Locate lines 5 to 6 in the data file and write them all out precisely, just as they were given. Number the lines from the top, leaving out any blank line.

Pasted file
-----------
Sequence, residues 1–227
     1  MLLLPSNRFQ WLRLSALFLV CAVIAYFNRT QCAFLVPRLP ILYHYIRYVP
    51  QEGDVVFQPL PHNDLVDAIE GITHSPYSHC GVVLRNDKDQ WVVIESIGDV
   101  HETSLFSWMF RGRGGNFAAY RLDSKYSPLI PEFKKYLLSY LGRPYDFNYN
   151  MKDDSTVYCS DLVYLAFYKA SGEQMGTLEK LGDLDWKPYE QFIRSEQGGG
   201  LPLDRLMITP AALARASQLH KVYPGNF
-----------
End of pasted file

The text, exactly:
   151  MKDDSTVYCS DLVYLAFYKA SGEQMGTLEK LGDLDWKPYE QFIRSEQGGG
   201  LPLDRLMITP AALARASQLH KVYPGNF